Over the years, Felicia would play both hero and villain, spending time with Misty Knight’s Heroes for Hire and co-starring in “Marvel Divas” alongside Firestar, Hellcat and Monica Rambeau. Eventually, she would fall off the hero wagon and embrace her villainous side as the leader of a gang of super-criminals. No longer Spider-Man’s fickle feline foil, Felicia attempted to consolidate her growing criminal power base through intimidation and cold-blooded murder, but was thwarted by Gwenpool and Howard the Duck. She was last seen on down-low after a brush with the Avengers during Civil War II.
Thomas Blake was a millionaire big game hunter, who specialized in trapping the big cats who would later become his namesake. When his wealth dried up, he decided to use his skills as a hunter and trapper to become a successful burglar. His cat-themed crimes caught the attention of Batman and it seemed like his career would be spent as a second-rate member of the Caped Crusader’s extensive rogue’s gallery. That is, until writer Gail Simone came along.
As the leader of Simone’s revamped Secret Six, Catman was reborn a confident, competent criminal with a heart of gold. Simone’s inspired reinterpretation went over extremely well with readers, leading to further development of Blake’s character as a complex antihero, who often acts pretty heroically, at least for someone who considers himself a hard-nosed supervillain. The truth, as ever, is somewhere in between. Like a cat, Blake is a study in seemingly contrasting character traits: self-serving and fickle yet loyal and adhering to his own code of honor.
4. Wildcat (Ted Grant)
Although a world champion prize fighter in his civilian identity — as well as being widely regarded as the a man who trained some of the world’s most accomplished hand-to-hand combatants, such as Batman and Black Canary — Ted Grant has always been something of an underdog amongst his more powerful colleagues.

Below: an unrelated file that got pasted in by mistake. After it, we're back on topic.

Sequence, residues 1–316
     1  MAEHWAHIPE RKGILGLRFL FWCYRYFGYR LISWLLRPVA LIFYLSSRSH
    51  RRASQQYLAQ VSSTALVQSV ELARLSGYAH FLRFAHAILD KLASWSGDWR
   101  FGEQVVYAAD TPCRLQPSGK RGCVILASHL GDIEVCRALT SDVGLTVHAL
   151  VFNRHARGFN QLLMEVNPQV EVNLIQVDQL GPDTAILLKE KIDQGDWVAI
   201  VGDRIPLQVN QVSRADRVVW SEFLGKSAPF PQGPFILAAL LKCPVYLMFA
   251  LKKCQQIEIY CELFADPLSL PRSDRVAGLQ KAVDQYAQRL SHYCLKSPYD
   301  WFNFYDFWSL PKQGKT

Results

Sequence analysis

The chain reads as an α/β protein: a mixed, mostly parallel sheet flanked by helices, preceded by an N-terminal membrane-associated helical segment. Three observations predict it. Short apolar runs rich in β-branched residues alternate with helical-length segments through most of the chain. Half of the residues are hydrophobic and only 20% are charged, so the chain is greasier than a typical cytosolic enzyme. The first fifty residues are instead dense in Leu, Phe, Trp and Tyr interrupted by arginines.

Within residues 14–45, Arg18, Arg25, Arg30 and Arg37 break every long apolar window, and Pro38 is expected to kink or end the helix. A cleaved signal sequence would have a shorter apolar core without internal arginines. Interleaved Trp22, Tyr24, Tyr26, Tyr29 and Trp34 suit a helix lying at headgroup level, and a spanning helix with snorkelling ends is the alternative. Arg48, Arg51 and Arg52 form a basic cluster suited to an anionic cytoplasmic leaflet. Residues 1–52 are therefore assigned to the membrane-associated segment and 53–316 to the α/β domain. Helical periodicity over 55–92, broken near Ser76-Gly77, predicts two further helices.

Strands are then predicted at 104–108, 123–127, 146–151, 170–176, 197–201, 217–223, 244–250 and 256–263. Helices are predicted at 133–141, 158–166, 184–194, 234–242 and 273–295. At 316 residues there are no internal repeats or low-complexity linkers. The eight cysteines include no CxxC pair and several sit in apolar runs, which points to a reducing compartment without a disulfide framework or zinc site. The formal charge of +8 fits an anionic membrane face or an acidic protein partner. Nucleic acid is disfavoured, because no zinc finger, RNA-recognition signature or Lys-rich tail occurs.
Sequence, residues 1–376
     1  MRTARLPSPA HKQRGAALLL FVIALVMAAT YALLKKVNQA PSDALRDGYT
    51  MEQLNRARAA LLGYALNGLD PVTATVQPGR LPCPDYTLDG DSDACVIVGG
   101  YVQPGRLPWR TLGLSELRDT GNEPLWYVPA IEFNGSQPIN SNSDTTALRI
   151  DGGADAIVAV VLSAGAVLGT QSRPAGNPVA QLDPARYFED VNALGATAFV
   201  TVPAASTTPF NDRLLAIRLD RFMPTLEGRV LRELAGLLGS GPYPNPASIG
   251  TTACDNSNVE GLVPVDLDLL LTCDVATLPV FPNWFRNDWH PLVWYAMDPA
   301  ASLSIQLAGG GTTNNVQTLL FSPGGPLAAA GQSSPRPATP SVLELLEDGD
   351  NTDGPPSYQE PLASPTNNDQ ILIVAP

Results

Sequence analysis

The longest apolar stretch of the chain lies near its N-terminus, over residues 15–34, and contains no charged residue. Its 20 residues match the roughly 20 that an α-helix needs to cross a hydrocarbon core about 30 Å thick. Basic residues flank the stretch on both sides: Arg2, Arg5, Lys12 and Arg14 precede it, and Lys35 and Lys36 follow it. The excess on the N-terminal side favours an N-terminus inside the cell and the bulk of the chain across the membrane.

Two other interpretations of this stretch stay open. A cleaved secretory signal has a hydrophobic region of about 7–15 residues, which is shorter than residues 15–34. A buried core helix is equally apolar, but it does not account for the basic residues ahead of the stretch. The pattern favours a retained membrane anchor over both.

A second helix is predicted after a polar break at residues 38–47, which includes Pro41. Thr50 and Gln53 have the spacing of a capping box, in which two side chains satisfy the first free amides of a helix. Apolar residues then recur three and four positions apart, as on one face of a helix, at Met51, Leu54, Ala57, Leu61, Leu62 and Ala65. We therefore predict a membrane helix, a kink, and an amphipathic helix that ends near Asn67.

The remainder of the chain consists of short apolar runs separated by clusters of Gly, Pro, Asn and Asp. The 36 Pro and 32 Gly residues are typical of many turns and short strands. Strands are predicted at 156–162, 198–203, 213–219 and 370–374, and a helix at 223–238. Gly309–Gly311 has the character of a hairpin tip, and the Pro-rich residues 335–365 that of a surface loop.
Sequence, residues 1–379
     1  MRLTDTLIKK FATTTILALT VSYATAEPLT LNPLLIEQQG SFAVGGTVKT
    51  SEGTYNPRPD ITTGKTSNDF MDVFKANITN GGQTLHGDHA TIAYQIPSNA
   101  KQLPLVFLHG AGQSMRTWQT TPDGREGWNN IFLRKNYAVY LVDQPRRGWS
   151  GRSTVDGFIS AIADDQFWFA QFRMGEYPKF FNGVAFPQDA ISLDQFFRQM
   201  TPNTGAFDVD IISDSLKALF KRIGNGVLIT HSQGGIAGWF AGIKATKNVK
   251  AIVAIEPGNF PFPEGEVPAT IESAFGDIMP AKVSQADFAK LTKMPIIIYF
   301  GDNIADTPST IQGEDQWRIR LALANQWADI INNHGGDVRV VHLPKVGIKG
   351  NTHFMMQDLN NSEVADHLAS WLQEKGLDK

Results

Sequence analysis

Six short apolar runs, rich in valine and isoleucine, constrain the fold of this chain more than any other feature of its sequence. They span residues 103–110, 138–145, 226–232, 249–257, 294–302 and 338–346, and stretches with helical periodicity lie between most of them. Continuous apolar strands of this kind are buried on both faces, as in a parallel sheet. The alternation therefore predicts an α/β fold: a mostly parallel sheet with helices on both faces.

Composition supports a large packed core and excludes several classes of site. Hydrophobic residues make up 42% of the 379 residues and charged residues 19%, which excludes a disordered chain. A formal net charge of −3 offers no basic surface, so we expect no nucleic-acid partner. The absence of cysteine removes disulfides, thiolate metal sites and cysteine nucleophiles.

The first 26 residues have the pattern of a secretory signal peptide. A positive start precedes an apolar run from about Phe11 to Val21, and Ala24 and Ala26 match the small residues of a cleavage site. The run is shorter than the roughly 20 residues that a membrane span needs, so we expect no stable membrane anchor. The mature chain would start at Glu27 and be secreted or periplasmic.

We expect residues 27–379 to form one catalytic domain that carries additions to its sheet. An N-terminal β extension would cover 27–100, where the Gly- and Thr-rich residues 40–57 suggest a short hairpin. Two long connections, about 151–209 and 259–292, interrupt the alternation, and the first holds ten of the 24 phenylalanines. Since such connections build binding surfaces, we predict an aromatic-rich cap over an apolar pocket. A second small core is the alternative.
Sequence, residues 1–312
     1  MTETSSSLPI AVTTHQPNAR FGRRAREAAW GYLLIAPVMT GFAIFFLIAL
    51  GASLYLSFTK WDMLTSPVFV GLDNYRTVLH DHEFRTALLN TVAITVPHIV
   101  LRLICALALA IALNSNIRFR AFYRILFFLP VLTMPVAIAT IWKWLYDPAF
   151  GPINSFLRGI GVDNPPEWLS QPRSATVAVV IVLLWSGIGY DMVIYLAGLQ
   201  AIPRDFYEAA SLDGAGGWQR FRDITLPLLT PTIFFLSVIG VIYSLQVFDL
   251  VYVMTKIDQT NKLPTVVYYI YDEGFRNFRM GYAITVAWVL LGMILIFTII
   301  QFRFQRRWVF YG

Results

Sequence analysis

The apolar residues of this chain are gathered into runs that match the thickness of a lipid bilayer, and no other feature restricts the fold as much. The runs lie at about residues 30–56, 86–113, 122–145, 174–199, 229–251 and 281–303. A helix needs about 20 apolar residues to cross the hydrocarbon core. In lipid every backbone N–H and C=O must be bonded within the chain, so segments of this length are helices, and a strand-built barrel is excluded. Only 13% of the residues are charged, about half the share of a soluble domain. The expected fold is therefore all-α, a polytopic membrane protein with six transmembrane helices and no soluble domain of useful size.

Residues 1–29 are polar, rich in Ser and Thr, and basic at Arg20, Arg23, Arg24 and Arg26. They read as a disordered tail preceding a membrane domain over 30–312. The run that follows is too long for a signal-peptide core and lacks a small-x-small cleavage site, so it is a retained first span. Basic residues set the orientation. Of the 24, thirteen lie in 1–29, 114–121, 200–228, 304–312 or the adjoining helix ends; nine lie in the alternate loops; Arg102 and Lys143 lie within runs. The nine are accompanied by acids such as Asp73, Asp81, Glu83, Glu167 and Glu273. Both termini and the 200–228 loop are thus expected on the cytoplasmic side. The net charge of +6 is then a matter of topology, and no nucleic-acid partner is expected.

As a senior member of the Justice Society of America, Ted helped train multiple generations of mystery men and women not only how to fight, but how to be heroes. Loyal to a fault and possessed of a gritty stamina far in excess of his actual power levels, Ted more than lives up to his namesake feline. For years, his remarkable longevity and youthful appearance were the subjects of much speculation, until it was revealed he was mystically granted nine lives by the magician Zatara during a past adventure. A man of few words, who prefers to let his actions do the talking, he once defended the JSA mansion from the entire Injustice Society all by himself, wearing nothing but a bath towel!
Thanks in large part to Trish Walker’s star turn in Netflix’s “Jessica Jones” series, Patsy Walker aka Hellcat, is enjoying a surge in popularity unlike any the character’s seen since her debut as the star of her own rom-com series in 1944. In 1975, Steve Englehart re-imagined Patsy as the fiercely independent Hellcat, after she inherited Greer Nelson’s defunct superhero persona, the Cat. Over the years she became a long-time member of the Defenders, marrying teammate Daimon Hellstrom, the so-called Son of Satan.